Zengakuren student activists continue fight against anti-conspiracy law ahead of expected crackdown

The buzz in 2015 about SEALDs missed an important point about the student movement in Japan: you can praise its “revival” all you want — and there is a revival, as witnessed in post-SEALDs groups like T-nsSOWL, Aequitas, Public for the Future, and the Constitution Youth Projects — but it remains nigh impossible to politick seriously on campuses at public or private universities in Japan.

During the peak of the protests against the security bills in autumn 2015, Zengakuren staged a brief strike at Kyoto University, barricading part of the campus. For their efforts, activists were arrested (though not indicted) and several students suspended. On the one hand, Clean, metropolitan students at the National Diet in nice apparel and spouting liberal values are venerated in the mass media. But on the other, young activists promulgating Marxist ideas and engaging in (non-violent) direct action is taboo. Before any well-meaning journo writes another piece about the “renaissance” of the student movement and politically engaged youth in Japan, they should take a trip down to the Ichigaya campus of Hōsei University, where students are locked in a battle with the college that predates SEALDs by many years. Along the way, dozens have been arrested and tried for various crimes, and yet it shows no signs of abating. Zengakuren continues its regular, declamatory protests at the entrance, always filmed and scrutinised by nervous university employees.

While the “Zengakuren” name has been claimed by many, the only functional Zengakuren group today is the one under the wing of Chūkaku-ha (Central Core Faction). Both Zengakuren and Chūkaku-ha may become immediate targets for the newly passed anti-conspiracy law. Though touted primarily as a necessary measure against the threat of terrorism, the ambit of the anti-conspiracy law is so wide that it potentially means citizens can no longer protest construction projects by holding sit-in demonstrations. This may have a profound effect on the Diet protests, where occupying the land has been a key element of the activities, as well as protests in Okinawa against US bases.

Not surprisingly, some o of the most vehement opposition to the bill came from Chūkaku-ha, which frequently finds its members arrested for minor infractions and knows the dangers of such easily malleable legislation. Condemned nationally and internationally as a “terrorist group”, Chūkaku-ha is undoubtedly going to face more intimidation in the run-up to the Olympics in 2020.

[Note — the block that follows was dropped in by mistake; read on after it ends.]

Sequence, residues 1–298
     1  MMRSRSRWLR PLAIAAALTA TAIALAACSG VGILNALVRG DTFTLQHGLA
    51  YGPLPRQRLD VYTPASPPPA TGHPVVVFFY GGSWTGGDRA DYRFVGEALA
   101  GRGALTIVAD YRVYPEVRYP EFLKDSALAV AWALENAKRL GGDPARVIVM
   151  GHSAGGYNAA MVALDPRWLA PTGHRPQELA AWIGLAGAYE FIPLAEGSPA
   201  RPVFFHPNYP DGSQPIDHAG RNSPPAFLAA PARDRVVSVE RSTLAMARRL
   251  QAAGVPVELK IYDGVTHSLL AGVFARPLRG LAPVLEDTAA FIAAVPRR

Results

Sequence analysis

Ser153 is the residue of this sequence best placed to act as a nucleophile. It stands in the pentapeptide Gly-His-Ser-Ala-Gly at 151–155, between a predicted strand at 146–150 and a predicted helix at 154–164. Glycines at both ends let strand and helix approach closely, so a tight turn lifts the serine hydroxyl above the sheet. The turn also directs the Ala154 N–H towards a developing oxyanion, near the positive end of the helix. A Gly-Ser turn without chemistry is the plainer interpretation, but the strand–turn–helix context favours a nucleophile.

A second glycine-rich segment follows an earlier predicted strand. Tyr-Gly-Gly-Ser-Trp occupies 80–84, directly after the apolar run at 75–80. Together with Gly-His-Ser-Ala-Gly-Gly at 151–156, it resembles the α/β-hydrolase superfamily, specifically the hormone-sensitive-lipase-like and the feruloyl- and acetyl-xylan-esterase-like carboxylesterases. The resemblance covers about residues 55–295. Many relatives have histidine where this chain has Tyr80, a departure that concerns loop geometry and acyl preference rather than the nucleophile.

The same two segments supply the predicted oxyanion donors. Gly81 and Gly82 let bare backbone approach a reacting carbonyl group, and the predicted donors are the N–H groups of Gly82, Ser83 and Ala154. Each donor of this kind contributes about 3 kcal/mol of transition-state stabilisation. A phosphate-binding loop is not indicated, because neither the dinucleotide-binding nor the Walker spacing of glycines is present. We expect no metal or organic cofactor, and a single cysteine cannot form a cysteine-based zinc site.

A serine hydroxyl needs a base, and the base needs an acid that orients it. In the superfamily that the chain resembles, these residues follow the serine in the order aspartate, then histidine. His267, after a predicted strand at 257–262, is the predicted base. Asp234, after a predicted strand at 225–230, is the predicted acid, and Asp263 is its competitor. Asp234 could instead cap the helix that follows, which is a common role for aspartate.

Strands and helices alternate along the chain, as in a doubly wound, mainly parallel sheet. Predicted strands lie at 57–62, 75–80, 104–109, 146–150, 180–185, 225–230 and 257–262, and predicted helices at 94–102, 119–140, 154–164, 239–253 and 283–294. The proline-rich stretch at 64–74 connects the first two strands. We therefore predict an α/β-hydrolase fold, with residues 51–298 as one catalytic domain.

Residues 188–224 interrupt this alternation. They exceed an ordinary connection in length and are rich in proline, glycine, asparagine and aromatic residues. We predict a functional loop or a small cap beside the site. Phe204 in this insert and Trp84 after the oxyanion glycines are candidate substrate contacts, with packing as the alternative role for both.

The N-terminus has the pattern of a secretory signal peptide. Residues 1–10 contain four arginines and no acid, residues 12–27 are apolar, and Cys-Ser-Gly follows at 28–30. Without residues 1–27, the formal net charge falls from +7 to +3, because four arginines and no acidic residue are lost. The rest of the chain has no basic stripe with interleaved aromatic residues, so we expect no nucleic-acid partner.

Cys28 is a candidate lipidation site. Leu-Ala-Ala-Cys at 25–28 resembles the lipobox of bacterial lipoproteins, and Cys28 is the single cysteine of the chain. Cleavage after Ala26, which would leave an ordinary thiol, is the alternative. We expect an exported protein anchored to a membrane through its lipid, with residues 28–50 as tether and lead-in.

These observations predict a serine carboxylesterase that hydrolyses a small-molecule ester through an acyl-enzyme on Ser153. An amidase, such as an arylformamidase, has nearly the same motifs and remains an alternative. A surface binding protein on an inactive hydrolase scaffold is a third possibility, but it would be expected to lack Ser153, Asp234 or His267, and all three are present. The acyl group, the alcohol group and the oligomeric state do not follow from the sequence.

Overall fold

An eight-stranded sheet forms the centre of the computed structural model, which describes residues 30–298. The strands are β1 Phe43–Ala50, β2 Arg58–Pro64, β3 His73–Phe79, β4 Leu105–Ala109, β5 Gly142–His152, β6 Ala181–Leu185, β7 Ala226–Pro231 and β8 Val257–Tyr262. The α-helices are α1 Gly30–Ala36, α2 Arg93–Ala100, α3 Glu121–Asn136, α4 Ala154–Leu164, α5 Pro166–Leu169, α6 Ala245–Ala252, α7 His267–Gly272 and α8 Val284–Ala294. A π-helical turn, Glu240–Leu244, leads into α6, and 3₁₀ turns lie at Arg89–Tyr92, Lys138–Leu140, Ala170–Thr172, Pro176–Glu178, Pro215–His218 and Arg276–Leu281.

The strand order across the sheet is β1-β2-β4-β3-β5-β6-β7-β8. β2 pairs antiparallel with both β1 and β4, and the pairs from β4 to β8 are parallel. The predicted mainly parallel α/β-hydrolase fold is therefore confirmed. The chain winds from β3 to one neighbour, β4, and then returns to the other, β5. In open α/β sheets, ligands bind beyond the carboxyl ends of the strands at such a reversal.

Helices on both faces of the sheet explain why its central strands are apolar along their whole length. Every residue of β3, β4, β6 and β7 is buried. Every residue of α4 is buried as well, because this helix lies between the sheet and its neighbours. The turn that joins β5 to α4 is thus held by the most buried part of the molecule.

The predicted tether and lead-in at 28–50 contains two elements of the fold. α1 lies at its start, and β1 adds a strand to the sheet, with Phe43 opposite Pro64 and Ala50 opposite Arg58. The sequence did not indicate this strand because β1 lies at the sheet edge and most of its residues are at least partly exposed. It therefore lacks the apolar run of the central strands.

Three Chūkaku-ha unionists in Kansai were arrested in May for trespassing, even though they were essentially just giving out leaflets. Incredibly, they were charged and the bail set at 3 million yen each. Another activist was arrested on June 12th by Shizuoka police on allegations of fraud related to welfare benefits, only to be released without charged on June 16th.

These incremental examples of state pressure on the group have passed under the radar of the mainstream media, though the same cannot be said about the sensational response to the police announcement in May of the arrest of a man believed to be Masaaki Ōsaka, the Chūkaku-ha activist on the run since 1972. Earlier this month, the suspect was officially confirmed as Ōsaka and re-arrested on a murder charge.

The media storm sparked by Ōsaka’s apprehension, including a surprising level of overseas interest, has ensured that Chūkaku-ha has stayed in the news headlines more than any time in recent memory, certainly in the years I have been monitoring the New Left in Japan and its legacy.

Police are now reported to be close to indicting their suspect, though the DNA “proof” that he is who they say he is may not actually stand up in court. It is also only a matter of time before police raid Zenshinsha, the Chūkaku-ha headquarters, and start arresting activists they accuse of assisting Ōsaka during his long time on the lam.

Chūkaku-ha is often described as dating back to 1963, though this is only as far as the current faction’s birth. The complex lineage of the group, formally Kakukyōdō (Japan Revolutionary Communist League), has a pre-history that is older and connects to the origin of the New Left in Japan in the post-war years.